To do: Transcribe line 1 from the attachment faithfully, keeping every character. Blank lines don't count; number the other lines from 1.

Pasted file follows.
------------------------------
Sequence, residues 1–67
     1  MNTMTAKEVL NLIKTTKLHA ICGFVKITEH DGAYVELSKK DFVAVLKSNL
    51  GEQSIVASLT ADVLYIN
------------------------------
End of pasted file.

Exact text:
Sequence, residues 1–67